The Guide to Good Practice for Laser Scanning (Section 1.4.1) also states,
As a result, the authors suggest using a black background for laser scanning bones, because the surface is harder to digitise due to the laser becoming absorbed by the colour.
As an alternative, structured light scanning can be used to record darker surfaces. The scanner collates results based upon deformities of the patterned light as it is projected onto an object or surface. This is opposed to the laser process where the light is absorbed prior to the reflection to the charged couple device (CCD). In addition, the camera records the colour of the surface in the same process. This is the same procedure as taking a picture with a camera, hence once the aperture and f-stop is determined depending on the amount of ambient light, the image taken will create an accurate digitisation with colour overlaid onto the image. To record a dark surface the values for intensity threshold, smoothing region, and denoise region must be reduced or even set to 0. With regards to scanning osteological material, dark surfaces may need to be recorded in scenarios where the bone has been burnt or presents dark pathological changes that may need to be documented. For a lighter bone, these values should be increased.
The structured light scanner will also record everything within the scanner's field of view. Therefore, a considerable amount of background noise can be recorded (figure 5). To counteract this, within the settings the distances can be adjusted ensuring the user has control over what is being imaged by the scanner. This is a maximum and minimum distance in millimetres. Furthermore, any unwanted data that is unavoidably recorded can be removed prior to the next set of images being taken (like the FARO) and is easily removed. The user must ensure enough overlapping scans have been documented so to not affect the point cloud and ensuring reduction of accuracy is not ascertained.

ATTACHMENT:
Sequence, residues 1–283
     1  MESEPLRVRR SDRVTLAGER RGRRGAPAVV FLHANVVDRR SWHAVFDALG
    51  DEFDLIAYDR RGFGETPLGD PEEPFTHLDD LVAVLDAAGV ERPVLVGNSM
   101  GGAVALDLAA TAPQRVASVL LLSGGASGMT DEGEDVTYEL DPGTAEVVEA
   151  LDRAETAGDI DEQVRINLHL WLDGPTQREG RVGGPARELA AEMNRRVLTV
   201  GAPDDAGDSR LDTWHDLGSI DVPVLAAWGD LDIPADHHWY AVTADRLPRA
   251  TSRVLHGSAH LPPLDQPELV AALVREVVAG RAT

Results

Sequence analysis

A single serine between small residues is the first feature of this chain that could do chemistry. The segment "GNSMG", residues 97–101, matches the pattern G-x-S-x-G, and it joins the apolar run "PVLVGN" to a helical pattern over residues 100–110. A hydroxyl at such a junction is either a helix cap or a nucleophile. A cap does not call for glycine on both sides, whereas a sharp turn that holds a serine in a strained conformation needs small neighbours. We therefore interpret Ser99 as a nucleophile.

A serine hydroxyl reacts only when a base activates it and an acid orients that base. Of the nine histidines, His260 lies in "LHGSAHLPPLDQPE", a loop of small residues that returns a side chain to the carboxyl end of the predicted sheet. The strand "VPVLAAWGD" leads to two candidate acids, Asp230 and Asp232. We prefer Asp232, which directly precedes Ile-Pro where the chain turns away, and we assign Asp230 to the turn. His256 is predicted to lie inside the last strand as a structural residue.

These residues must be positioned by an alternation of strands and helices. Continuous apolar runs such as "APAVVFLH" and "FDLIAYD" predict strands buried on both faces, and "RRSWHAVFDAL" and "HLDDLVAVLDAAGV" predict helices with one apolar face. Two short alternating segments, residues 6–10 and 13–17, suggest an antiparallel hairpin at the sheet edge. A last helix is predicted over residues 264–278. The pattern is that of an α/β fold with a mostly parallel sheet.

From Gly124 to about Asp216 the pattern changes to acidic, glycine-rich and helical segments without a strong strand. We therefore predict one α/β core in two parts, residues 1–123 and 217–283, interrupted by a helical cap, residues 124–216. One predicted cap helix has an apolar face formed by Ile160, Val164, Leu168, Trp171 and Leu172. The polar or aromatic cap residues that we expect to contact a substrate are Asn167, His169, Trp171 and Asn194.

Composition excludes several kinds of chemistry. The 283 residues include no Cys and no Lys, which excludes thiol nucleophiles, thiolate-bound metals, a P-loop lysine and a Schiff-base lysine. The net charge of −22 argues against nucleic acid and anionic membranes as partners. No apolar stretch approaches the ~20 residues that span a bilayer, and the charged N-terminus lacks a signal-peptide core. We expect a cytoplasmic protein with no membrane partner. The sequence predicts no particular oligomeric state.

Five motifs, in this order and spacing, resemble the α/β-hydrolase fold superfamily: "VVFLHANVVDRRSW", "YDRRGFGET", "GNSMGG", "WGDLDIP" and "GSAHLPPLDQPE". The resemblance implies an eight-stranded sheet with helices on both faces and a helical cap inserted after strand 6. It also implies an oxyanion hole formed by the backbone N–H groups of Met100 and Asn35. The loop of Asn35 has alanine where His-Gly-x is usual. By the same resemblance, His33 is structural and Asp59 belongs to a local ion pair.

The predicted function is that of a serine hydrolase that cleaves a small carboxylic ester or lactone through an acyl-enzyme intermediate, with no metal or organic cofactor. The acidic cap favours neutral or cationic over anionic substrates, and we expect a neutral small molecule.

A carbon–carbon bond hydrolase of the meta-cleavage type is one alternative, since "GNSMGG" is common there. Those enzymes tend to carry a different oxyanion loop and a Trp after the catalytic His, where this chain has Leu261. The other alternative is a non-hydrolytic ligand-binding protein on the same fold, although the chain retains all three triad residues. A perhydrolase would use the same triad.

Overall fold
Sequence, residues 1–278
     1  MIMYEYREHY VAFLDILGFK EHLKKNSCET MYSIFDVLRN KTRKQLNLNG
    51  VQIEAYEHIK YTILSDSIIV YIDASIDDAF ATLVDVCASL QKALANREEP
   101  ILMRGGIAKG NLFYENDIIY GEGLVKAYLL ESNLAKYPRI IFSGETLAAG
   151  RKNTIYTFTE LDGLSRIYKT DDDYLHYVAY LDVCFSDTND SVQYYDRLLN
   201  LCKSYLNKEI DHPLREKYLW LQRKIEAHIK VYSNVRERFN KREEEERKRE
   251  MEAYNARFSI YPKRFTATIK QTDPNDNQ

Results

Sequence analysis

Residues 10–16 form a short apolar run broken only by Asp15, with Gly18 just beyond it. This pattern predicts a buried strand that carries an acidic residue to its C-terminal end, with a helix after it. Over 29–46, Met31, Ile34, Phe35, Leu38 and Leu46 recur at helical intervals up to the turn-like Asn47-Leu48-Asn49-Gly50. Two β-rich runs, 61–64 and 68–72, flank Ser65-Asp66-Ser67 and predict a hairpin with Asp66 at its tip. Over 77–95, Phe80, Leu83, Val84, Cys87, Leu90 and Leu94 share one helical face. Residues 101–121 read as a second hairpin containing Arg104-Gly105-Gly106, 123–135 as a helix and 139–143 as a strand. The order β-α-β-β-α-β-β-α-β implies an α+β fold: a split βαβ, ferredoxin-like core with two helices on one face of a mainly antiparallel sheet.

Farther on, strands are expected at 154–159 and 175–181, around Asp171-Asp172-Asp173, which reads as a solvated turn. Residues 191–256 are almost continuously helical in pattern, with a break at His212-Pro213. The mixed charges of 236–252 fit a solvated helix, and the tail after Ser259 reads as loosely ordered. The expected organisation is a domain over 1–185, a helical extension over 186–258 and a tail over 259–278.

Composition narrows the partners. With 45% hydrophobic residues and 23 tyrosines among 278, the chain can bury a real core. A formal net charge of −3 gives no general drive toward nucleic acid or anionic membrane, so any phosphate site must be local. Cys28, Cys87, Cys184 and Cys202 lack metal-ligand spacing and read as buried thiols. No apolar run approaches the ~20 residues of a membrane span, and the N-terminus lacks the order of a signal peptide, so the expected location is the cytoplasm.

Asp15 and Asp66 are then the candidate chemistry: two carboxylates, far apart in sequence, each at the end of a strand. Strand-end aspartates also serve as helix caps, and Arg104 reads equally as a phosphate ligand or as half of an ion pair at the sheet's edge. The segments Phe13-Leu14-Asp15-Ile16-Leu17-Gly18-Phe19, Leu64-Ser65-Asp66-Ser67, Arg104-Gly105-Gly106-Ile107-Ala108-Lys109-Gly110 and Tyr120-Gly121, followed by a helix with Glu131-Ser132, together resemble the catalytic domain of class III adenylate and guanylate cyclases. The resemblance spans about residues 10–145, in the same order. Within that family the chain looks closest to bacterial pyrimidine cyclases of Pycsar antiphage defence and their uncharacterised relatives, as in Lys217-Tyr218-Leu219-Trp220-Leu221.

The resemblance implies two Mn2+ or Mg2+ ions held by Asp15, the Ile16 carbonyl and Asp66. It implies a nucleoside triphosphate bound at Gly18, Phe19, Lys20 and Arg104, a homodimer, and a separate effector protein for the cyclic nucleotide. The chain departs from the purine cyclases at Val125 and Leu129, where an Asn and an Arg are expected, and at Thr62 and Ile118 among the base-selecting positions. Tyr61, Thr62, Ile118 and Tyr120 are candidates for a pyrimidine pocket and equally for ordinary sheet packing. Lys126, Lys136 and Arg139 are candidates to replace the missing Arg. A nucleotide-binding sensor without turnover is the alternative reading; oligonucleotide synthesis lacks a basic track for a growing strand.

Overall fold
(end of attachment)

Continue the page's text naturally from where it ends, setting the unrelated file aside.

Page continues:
5.1.3 The User
Using the previous study (4.1.2), the data was converted into line charts (figure 7). The trendline shows an improvement in the data collection process with reduced noise for each scan over time for every colour except black. It was shown that if the first scan for each colour is removed, the trendlines level out. These results are dramatically changed becoming more consistent (figure 8).